"I just think a lot of times, in evangelical circles, we don't know how to reach out to people of other faiths...
Aug. 20, 2012: In the days after the deadly shooting at the Sikh Temple of Wisconsin in Oak Creek on Aug. 5, Faith Builders' pastor, the Rev. Jeff Pruitt, grew angry.
Not just at the senseless loss of life, or the desecration of a house of worship. Pruitt grew angry at the silence on his Twitter feed.
It had been abuzz after the July massacre at a Colorado movie theater that left 12 dead - with pastors decrying the tragedy and offering their condolences.
But on the Monday after the Sikh temple shooting, Pruitt said, there was nothing.
Day 2, zero.
"It's not because they didn't care," said Pruitt, who heads the charismatic, evangelical congregation known for launching one-time "American Idol" contestant Danny Gokey.
"I just think a lot of times, in evangelical circles, we don't know how to reach out to people of other faiths and still save face with our own people."
Pruitt showed how on Monday at a music-infused, multifaith celebration intended as a show of support for the Sikh community, which lost six members in the Aug. 5 rampage by Wade Michael Page.
Monday's event, which drew as many as 1,000 people to the south side church, was an unusually public embrace of non-Christians by an evangelical church. And it was one of what are likely to be numerous venues for local Sikhs to educate others about their faith.
"There's a heightened interest in interfaith relationships and understanding of diverse faiths" since the shooting, said Tom Heinen of the Interfaith Conference of Greater Milwaukee, which is organizing a September event that will focus on or include members of the Sikh community.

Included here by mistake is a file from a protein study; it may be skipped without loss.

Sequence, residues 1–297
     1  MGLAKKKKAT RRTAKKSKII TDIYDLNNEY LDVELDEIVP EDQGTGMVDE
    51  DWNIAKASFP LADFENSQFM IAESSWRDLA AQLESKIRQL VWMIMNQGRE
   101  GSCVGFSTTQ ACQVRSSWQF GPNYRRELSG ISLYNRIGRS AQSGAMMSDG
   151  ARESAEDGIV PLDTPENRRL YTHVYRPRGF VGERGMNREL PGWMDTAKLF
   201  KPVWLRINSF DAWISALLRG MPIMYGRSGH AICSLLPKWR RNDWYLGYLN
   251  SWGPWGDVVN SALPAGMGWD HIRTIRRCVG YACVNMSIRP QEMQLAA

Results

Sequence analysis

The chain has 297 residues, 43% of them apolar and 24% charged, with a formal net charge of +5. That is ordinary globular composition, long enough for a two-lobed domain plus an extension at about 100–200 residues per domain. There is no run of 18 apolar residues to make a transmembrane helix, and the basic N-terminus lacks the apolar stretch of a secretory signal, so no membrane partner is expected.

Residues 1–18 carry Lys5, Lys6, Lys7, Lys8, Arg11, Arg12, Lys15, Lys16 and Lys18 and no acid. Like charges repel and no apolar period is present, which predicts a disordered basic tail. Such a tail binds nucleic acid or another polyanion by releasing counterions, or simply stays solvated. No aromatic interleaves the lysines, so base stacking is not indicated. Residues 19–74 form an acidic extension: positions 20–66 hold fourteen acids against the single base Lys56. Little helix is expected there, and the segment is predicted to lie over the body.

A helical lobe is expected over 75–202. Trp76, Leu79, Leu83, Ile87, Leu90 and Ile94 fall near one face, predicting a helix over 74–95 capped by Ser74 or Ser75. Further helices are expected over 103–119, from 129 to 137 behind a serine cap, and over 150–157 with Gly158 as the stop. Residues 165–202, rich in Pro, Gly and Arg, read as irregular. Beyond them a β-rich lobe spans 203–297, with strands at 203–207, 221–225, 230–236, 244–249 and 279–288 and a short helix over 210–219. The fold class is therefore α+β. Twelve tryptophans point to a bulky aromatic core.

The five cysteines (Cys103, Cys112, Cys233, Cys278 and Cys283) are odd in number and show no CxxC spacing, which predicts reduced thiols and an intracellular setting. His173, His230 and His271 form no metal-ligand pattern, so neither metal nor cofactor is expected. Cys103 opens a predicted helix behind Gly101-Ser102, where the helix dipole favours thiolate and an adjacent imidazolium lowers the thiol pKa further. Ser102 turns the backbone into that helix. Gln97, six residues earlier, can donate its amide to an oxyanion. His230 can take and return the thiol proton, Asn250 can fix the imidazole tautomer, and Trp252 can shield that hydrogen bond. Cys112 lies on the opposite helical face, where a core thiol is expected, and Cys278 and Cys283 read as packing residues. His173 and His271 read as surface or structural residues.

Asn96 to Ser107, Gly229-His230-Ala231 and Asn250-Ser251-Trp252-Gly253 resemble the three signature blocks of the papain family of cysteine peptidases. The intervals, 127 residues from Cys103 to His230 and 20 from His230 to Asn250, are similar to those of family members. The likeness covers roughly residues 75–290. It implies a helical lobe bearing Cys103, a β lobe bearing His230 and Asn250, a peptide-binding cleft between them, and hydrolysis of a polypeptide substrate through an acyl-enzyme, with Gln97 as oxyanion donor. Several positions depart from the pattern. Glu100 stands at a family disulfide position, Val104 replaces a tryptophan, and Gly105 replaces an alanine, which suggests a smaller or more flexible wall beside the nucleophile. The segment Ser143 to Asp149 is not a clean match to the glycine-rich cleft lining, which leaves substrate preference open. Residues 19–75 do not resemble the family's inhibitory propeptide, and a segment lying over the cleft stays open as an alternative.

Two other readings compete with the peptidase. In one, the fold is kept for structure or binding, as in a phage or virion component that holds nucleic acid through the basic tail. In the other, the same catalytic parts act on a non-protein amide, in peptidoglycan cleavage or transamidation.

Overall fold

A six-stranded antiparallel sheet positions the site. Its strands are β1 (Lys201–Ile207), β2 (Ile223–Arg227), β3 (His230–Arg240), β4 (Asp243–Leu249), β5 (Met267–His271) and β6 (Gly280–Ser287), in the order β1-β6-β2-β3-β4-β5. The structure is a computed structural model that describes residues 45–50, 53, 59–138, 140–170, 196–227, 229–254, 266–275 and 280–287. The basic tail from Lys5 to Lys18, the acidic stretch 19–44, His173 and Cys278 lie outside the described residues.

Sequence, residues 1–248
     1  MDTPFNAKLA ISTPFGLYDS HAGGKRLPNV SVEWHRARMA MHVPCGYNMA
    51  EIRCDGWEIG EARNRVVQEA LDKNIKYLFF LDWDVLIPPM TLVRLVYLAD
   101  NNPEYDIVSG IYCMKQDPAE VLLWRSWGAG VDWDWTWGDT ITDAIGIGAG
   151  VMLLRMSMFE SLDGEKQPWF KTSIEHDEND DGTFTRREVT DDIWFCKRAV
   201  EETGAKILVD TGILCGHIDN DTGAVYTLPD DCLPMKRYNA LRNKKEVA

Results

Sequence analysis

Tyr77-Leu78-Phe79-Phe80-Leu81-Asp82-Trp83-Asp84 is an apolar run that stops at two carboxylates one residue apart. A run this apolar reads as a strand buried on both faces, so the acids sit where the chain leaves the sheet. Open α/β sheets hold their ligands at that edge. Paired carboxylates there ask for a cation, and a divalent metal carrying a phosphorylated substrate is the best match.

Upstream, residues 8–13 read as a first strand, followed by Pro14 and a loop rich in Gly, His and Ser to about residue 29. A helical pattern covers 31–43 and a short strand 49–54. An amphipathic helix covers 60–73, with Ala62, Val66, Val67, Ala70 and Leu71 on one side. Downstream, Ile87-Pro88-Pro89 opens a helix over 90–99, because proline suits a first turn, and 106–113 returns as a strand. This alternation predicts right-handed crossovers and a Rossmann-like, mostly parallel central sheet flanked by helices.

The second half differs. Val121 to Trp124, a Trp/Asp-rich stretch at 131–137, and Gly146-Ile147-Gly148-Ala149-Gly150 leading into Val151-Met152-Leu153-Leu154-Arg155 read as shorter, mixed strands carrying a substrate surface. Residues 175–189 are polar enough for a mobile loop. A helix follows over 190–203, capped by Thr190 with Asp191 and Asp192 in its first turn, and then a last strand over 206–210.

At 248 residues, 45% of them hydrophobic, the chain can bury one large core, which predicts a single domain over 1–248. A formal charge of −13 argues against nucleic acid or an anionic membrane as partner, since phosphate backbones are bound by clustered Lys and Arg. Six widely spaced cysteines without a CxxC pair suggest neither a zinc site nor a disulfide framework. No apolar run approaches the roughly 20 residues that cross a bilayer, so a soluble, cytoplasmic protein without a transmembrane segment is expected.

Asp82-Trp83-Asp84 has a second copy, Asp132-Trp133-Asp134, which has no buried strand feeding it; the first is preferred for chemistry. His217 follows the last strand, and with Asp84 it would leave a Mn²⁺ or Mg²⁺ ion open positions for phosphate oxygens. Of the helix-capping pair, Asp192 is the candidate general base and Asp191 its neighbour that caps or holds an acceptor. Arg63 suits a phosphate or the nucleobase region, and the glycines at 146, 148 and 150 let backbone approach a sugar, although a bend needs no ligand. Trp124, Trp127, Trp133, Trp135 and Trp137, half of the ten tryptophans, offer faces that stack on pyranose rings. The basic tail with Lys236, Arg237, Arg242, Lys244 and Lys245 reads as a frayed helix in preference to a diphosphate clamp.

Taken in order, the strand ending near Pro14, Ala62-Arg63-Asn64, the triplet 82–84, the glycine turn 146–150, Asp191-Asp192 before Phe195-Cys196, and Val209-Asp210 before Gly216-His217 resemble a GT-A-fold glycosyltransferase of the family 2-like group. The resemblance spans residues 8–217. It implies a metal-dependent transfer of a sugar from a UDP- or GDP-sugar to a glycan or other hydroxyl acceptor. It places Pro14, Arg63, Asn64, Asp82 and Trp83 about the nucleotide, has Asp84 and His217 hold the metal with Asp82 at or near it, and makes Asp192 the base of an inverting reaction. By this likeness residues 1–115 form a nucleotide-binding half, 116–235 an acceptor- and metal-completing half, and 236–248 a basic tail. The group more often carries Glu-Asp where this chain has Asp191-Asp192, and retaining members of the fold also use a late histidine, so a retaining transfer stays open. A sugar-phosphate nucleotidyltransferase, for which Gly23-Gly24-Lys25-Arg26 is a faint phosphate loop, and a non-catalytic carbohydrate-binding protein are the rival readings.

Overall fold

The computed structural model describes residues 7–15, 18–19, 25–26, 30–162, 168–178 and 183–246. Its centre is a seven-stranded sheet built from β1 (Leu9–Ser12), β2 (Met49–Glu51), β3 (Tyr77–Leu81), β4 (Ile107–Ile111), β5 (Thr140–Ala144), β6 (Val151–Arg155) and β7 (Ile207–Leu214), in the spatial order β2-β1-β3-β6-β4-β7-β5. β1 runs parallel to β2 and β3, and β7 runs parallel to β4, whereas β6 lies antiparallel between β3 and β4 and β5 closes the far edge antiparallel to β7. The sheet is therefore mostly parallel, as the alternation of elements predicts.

"I think there will be an effort to be much more inclusive and to learn about not only the Sikh faith, but others with whom there is much less familiarity," he said.
Likewise, many in the Sikh community are welcoming the chance to tell their story. Members of the temples in Oak Creek and Brookfield are fielding requests for speakers from religious and civic groups.Sikh speakers requested
Temple trustee Kulwant Singh Dhaliwal said members are working on an educational program that they could offer first to schools. And the Oak Creek temple's youth group is looking at ways it can take the Sikh tenet of service to others in the community at large.
"This has been a wake-up call, the impetus for us to get out into the community," said Kanwardeep Kaleka, who helps lead the youth group.
"Obviously, this person came from a place of hate," he said of Page. "But most hate comes from ignorance."
Pruitt, of Faith Builders, said he expects to draw flak from some fellow evangelicals for reaching out to "nonbelievers."
Earlier this year, the Rev. Rick Warren of Saddleback Church in southern California drew a deluge of criticism for his efforts to build bridges with the Muslim community there.
"There is one stream of evangelical Christianity that sees such a strong Christian heritage to America that any other faith group - particularly immigrant faith groups - is seen as a foreign influence and not fundamentally legitimate," said David Neff, editor-in-chief of Christianity Today and vice chairman of the board for the National Association of Evangelicals.
That's compounded for Muslims and those - such as Sikhs - who are mistaken for Muslims because of the post-9-11 suspicions that they are a "security risk," he said.Seeing God as love
Monday's event included at least 35 pastors from around the state, many of them evangelicals.
Based on what he knows about Islam and Sikhism, Pruitt believes they and Christians worship the same God - heresy in some Christian circles.
Pruitt said he takes his inspiration for the outreach from the Bible itself, John 3:16:
"God so loved the world that He gave His only son."
"Not just the church, not just Christians, but he loved the world," Pruitt said.
"Some people see God as angry, but I see him as love. . . . And if they're seeking God, to me that's a noble thing."